Using the DataImportHandler XPathEntityProcessor on a Database Resultset Column

The Solr documentation for XPathEntityProcessor introduces a spezialization subtype of EntityProcessor that is primarily depicted to process data (to be) imported from xml/http-datasources (for example, Usage with XML/HTTP Datasource). However, using XPathEntityProcessor on a FieldReaderDataSource instead on the original URLDataSource or !HttpDataSource (search for FieldReaderDataSource in Uploading Structured Data Store Data with the Data Import Handler) enables reading xml instances contained in columns delivered from database requests through SqlEntityProcessor.
Bewildered out of words and meanings…? Don’t worry, the following will give you a living example of how to craft the xml from an Oracle database easily and what to do on the Solr side to map the information datums into indexing fields. To me, this is really a nice example of how to employ xml in a true sense of a defined (well-forming, encoding) data exchange layer, hiding most if not all of the implementation details of xml processing on the database and on the search-engine. Note however, that this great time-to-market, through xml processing technically, always comes at a certain extra cost such that the xml-instances shall not become to large for this solution pattern. I will also use xml attributes for small size values instead of tags in the xml generation as one step of optimization.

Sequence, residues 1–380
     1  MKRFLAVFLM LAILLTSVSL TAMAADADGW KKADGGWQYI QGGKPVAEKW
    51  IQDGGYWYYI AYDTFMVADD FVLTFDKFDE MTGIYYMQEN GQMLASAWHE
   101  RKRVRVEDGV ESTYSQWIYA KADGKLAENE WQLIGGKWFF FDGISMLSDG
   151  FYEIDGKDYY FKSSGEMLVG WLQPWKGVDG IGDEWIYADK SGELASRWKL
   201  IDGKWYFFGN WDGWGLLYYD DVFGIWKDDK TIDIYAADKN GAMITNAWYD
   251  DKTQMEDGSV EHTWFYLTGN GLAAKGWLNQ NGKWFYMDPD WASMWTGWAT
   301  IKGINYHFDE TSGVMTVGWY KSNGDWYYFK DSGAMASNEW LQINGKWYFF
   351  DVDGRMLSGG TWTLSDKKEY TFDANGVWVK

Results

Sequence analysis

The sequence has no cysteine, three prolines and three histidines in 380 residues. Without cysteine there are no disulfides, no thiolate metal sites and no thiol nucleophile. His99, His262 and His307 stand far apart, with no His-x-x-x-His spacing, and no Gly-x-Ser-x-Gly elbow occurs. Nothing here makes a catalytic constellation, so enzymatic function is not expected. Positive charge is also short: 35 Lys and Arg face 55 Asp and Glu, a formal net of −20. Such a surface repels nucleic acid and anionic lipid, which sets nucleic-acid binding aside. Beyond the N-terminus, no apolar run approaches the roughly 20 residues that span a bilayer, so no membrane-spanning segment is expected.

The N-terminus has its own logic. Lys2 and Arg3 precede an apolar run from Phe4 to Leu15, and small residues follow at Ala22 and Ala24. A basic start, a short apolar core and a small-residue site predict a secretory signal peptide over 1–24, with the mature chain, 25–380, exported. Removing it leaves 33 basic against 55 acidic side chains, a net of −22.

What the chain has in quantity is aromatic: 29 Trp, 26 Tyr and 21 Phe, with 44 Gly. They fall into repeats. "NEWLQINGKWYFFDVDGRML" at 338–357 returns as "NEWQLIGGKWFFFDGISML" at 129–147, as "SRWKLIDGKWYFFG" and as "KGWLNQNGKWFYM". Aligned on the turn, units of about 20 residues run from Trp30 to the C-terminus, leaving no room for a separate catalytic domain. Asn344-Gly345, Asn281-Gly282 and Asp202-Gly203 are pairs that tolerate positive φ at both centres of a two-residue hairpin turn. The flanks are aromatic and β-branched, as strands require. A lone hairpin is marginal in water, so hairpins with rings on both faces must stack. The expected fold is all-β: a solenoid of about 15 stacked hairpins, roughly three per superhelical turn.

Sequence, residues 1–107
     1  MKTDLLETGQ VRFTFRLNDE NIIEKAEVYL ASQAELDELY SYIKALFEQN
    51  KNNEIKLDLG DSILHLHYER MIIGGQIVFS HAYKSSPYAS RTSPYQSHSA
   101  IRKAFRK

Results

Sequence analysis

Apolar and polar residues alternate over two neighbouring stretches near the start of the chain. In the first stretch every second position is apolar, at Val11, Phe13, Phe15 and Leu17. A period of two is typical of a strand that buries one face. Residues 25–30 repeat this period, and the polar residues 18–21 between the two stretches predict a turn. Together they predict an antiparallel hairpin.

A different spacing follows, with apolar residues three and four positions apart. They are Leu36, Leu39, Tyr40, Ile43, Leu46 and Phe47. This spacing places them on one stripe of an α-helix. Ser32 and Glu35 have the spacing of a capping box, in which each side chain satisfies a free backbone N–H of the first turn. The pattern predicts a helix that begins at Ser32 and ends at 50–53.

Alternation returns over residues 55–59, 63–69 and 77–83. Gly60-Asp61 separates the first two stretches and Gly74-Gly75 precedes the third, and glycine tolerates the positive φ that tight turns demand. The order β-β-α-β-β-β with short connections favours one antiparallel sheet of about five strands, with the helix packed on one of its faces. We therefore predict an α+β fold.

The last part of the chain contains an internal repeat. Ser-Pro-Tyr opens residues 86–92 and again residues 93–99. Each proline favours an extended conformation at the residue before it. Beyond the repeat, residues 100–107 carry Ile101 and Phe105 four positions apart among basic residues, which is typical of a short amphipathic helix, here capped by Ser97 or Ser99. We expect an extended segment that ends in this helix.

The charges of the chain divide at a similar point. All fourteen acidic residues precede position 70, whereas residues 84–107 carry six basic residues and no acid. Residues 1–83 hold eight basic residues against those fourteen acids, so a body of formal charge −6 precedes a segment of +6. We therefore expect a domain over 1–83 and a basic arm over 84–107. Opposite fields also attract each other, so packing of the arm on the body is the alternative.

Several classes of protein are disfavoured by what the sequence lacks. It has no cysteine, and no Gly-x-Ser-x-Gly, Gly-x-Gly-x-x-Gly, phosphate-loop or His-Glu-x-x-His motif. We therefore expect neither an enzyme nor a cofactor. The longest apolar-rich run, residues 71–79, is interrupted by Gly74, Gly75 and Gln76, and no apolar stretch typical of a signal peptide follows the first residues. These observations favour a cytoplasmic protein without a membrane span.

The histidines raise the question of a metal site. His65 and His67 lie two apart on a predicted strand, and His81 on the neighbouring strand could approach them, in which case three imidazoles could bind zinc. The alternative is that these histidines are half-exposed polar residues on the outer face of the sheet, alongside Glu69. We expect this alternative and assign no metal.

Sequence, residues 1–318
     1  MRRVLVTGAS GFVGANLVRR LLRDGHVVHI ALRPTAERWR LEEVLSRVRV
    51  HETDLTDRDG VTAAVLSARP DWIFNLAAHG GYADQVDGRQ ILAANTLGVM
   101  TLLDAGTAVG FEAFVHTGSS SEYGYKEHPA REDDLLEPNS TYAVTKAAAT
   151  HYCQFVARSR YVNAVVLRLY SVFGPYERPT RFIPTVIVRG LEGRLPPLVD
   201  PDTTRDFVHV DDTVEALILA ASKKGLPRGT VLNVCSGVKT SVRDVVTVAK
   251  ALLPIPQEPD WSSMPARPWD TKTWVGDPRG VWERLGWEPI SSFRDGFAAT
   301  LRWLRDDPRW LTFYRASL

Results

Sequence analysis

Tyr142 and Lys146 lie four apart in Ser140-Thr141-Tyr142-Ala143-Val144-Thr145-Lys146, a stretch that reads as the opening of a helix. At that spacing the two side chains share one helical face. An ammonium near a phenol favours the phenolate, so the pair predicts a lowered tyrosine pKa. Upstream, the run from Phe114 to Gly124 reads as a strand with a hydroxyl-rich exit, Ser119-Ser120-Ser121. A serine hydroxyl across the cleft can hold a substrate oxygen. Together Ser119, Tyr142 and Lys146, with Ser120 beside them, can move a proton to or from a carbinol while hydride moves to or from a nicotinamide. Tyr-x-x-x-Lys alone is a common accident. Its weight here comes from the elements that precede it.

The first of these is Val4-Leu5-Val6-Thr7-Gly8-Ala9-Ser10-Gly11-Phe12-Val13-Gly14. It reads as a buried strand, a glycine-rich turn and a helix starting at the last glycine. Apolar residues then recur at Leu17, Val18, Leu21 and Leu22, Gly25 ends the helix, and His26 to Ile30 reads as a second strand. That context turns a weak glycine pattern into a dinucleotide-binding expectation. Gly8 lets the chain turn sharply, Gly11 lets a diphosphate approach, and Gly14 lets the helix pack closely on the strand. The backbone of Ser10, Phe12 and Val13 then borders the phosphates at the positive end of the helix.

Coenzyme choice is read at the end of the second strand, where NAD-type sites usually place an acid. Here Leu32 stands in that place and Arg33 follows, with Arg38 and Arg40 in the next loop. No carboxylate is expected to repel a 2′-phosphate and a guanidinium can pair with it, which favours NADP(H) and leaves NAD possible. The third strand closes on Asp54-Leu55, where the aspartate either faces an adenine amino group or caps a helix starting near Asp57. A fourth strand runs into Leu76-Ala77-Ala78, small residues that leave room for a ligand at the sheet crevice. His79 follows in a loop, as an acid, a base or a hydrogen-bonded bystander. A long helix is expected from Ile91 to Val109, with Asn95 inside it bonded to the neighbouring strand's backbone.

Solr 2 oracle date indexing timezone handling and probable issues

Apache Solr provides a field definition type for datetime values called solr.TrieDateField (TrieDateField) that is based on an efficient compare-/sort-representation. Being an extension-/derived-class to the well known solr.DateField (DateField) up to Solr 4.x, solr.TrieDateField does replace solr.DateField for Solr releases > 5.0 . Using one or the other date field preassumes one important convention: to handle any value passed around or processed within Solr as UTC (Coordinated Universal Time) or zulu time (Z appended) such that all that timezone-detection- and timezone-math-hassle can be avoided. Solr thus exclusively allows values given to the DataImportHandler as defined in ISO 8601, “1995-12-31T23:59:59Z” as an example. However, iff you do not pass the value as a string but as a database date or timestamp w/o tz datatype within an sql select statement to DataImportHandler, secondary Solr-side processing may have to be taken into account.